Well, I do have more of a happy-ish ending.

The happier part of this happy ending is that I got a prescription for heavier antibiotics from my doctor, thanks to the pharmacist's recommendation, and the ugliness on my neck is clearing up nicely. Yea, verily!

The happy-ish part is that, in spite of the strong antibiotics, I still have a couple of zits. I will still have them tomorrow. I will have their relatives hanging around three months from now. I joke that I look forward to my seventies, because my acne will likely have cleared up by then.

While I would love to be able to assure every teenager who feels as ugly as I did at sixteen that they will blossom into swans, I can't. Some people clear up altogether, some clear up but have sporadic breakouts, some clear up and then start breaking out again in their 30s or 40s (which are the second adolescence no on tells you about), and some people, like me, just keep being broken out to varying degrees. One way or the other, though, it gets better.

What no one told me when I was an insecure teenager who thought they'd never get that first real kiss because of their grotesque appearance — I was not truly grotesque, but I was truly dramatic — was that all the energy I was putting into blaming my insecurity on my acne was misdirected. I had reasons to be insecure, sure, but those reasons were a lot of different things that had no choice but to change over time. I hated my acne so much that I completely missed out on the other fixable stuff I had going on, like perms, lilac-coloured plastic glasses, braces, figuring out who the heck I was, and, at 13 and 14, multiple rat tails along the back of my neck threatening to mature into a mullet.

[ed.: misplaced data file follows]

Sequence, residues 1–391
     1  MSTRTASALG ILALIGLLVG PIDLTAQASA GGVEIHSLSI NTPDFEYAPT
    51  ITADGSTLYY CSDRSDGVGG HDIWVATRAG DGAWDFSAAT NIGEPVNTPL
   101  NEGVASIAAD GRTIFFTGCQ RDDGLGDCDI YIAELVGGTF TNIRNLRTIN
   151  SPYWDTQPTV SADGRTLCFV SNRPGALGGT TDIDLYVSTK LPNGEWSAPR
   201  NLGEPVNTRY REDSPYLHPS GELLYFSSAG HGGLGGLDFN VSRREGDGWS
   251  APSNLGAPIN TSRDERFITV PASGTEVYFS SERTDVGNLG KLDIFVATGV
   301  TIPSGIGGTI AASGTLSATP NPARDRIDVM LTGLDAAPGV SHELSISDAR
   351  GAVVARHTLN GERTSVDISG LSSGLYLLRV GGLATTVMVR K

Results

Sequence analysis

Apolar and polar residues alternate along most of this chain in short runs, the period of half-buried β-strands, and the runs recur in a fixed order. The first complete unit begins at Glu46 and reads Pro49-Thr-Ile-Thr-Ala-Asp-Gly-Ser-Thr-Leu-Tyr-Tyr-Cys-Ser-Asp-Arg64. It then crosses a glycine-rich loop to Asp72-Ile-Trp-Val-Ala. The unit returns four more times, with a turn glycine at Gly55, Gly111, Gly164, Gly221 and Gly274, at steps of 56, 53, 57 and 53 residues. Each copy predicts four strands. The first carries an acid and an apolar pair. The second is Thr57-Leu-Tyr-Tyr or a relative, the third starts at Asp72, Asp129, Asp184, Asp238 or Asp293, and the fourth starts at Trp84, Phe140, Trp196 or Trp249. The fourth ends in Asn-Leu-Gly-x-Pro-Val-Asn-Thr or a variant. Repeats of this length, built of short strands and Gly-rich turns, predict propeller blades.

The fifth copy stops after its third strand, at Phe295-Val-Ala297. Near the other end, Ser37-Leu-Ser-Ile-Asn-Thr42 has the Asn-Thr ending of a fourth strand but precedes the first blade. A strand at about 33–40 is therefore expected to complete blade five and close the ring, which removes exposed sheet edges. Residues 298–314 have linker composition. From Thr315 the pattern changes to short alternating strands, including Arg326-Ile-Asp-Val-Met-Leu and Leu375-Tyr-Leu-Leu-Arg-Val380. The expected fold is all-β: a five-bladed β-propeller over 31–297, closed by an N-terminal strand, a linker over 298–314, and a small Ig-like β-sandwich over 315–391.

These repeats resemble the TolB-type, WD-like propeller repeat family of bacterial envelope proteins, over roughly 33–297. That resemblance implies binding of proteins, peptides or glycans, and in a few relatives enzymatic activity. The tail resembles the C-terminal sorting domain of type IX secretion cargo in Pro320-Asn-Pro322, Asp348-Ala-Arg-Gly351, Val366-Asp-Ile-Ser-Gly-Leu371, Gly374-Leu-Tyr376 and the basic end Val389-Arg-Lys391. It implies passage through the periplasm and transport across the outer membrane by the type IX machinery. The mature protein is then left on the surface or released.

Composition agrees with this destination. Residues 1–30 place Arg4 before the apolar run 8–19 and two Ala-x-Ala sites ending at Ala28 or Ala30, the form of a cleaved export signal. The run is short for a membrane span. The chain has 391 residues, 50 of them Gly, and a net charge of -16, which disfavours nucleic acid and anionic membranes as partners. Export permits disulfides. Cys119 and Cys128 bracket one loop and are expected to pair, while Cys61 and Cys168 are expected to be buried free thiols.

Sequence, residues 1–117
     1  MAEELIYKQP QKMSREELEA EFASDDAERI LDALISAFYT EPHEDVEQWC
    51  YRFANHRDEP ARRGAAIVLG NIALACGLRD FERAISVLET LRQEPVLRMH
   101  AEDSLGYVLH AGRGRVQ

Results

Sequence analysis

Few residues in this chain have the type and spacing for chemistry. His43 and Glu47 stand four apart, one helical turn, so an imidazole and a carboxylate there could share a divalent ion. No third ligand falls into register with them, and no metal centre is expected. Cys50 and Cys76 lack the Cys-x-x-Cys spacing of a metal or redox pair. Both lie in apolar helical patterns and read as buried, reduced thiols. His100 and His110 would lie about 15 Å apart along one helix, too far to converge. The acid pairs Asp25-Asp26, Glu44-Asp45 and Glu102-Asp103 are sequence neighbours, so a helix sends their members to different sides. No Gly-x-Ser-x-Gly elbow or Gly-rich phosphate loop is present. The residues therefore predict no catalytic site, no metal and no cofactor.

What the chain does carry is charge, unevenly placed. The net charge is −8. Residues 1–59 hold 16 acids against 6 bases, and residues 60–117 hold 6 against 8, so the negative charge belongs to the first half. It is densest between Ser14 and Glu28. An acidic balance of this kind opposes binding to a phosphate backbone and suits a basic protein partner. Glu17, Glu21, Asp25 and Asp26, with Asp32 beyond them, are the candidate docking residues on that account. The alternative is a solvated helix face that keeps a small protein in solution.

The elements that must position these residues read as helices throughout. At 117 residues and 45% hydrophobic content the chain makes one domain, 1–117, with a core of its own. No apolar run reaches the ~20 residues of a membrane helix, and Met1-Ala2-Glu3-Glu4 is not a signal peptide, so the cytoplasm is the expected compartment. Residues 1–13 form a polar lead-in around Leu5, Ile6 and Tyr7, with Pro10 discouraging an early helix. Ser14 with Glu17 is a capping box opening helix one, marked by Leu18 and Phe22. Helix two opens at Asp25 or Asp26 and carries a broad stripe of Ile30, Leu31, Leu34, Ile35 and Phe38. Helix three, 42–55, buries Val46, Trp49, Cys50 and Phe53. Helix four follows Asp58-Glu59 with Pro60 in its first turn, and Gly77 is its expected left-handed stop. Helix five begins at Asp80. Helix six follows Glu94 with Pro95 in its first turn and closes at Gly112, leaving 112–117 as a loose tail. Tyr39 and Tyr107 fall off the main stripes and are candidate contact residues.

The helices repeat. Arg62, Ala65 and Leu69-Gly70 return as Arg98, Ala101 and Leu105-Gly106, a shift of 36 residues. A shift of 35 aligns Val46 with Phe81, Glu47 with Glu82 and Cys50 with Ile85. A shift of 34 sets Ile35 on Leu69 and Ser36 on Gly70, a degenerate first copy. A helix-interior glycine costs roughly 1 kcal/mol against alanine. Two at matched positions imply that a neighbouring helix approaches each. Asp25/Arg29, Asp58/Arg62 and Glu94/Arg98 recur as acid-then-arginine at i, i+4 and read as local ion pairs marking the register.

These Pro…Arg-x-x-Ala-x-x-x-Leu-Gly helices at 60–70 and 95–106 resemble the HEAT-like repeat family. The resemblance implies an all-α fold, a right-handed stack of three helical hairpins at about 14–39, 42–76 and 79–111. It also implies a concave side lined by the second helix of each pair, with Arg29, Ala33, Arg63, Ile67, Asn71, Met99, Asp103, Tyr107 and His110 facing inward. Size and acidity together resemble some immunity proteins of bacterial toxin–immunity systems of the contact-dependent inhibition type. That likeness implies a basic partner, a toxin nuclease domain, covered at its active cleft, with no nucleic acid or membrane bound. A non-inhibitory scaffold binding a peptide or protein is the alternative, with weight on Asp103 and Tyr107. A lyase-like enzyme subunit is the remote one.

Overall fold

These photos of me at 12, 13, and 14 were taken back in the olden days of film photography, badly printed yearbooks, and my lack of self-awareness, so you can't make out the acne, braces, and purple glasses, but they were there, oh yes.

Note the rat tail I'm sporting in my middle picture.

As people get older, though, some of us manage to relax into ourselves a bit, and we luck into finding friends that will share their struggles with their appearance and make us feel less alone. One of the gems I found is Tanis Miller, a shameless and fantastic human being I met online about 9 years ago who is willing to share the details of her hotness far and wide:


Tanis pulls this morning bed face off better than I do. I go dramatic with an enter-my-terrordome look:


I never glowed flawlessly, I still occasionally have to hear the words acne vulgaris used to describe my condition, and sometimes I'm pretty sure I need to take this whole package back for a factory reset. That's how it works when you inhabit a body that changes over time. It keeps changing, and I try to keep up. 

Even though I'm not always 100% thrilled with the face I see looking back at me, I'm less at odds with it now. I'd even say that I've gone beyond the tired acceptance I once thought was as far as I could go. I've come to kind of love this face. It's my face. I've been wearing it long enough that nothing else would quite work the same way with the words I say and the things I do.

Elan Morgan

And I like knowing that I can chat with a pharmacist about my issues before I wait it out too long and hit the acne vulgaris stage again, because it's easy to say I love my face today when I'm down to six zits and a new, spontaneous freckle, but it's a lot harder on the days when I'm trying to figure out a new scarf-tying technique to hide a nasty breakout on my chin.

Yes, sometimes this face looks a little tired and marked up, but even then I like it. All the acne I've fought and given in to over the years can't take away the story my face tells people when it smiles the way I do. My brow furrows crazy deep when I'm worrying. My grin can be overblown and comical when I'm happy. It's the face that this guy loves:

Elan and Aidan Morgan

Who am I to tell him he wrong?

This is a sponsored post to educate the public about valuable pharmacy services that are available in Saskatchewan and Manitoba. There are no affiliate links, and all opinions are my own.